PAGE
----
Being afraid of losing social, familial, and professional circles in a society where already racism and sexism work against us is a concrete challenge for Latinas wishing to speak up about gender and sexual violence. We can only wonder how much Ramirez could lose being a minority Latina student at Yale in the 70s, if she had decided to speak up. How many people would have blamed her? How many would have asked her: Why were you at the party? Why were you drinking? Are you not into him?, instead of listening to her feelings of shame.
Latina migrant women also cite issues of documentation and fear of losing custody of children or their family’s support as a reason why they do not report gender and sexual violence. Limited access to resources and shelters that are bilingual and bicultural, or services that are attentive to the needs of migrant women and that will not assume that gender and sexual violence are Latino cultural traits are also deterrents.
But the silence must be broken.
Liz Zadnik & Enid Melendez’s document the prevalence of sexual violence in our communities as documented by the National Intimate Partner and Sexual Violence Survey (NISVS): “1 in 7 Latinas reported experiencing a completed rape at some point in their lifetime. This was also true of sexual violence other than rape–with 1 in 3 Latinas and 1 in 4 Latinos reporting experiencing sexual violence.”
According to the National Latina Network, 1 in 3 Latinas have experienced domestic violence in their lifetime; 63% of victimized Latinas experience multiple acts of victimization.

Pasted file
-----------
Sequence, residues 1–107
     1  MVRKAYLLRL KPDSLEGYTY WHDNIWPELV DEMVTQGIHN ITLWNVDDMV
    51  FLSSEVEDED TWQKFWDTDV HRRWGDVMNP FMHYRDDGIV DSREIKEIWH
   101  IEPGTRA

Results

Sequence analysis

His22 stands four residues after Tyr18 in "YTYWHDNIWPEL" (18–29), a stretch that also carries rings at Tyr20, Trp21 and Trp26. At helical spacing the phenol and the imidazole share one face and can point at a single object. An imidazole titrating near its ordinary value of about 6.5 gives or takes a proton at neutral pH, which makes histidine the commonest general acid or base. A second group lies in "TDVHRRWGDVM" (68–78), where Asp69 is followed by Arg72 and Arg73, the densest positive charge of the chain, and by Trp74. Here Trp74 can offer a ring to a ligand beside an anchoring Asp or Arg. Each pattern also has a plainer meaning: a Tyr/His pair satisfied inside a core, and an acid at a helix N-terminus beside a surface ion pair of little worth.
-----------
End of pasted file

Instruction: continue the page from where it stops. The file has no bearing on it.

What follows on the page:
Trans-Latina women experience gender and sexual violence at higher rates; LBQ women often face the social threat of rape or other forms of sexual violence as a way of “converting” them into heterosexual women. We cannot ignore these experiences and statistics if we care for the health of our communities.
PTSD and trauma-related illnesses are tightly connected to gender and sexual violence among Latina women, as reported in the Sexual Assault Among Latinas (SALAS) Study. If we account for the often traumatic experience of migration, racism, xenophobia, sexism, isolation, and economic challenges faced by Latina women, then PTSD responses to gender and sexual violence among us are not surprising.
The silencing of gender violence then may leave thousands of Latina women vulnerable to debilitating conditions related to trauma-chronic fatigue, muscular pains, suppressed immune systems, weight variations, diabetes, anxiety, fibromyalgia-that impact their overall well-being and capacity to cope with everyday stressors.
To speak up about Latina perspectives on gender and sexual violence is to create a space for our needs to be met. It is public health issue. It is not a betrayal of our communities or loved ones. It is an attempt to build a better present and future for all.
For resources on how to best support Latina women, visit the Existe Ayuda Fact Sheet; the National Latina Network Practice Guidance; and the Sexual Violence and the Impact on Latino Communities Fact Sheet.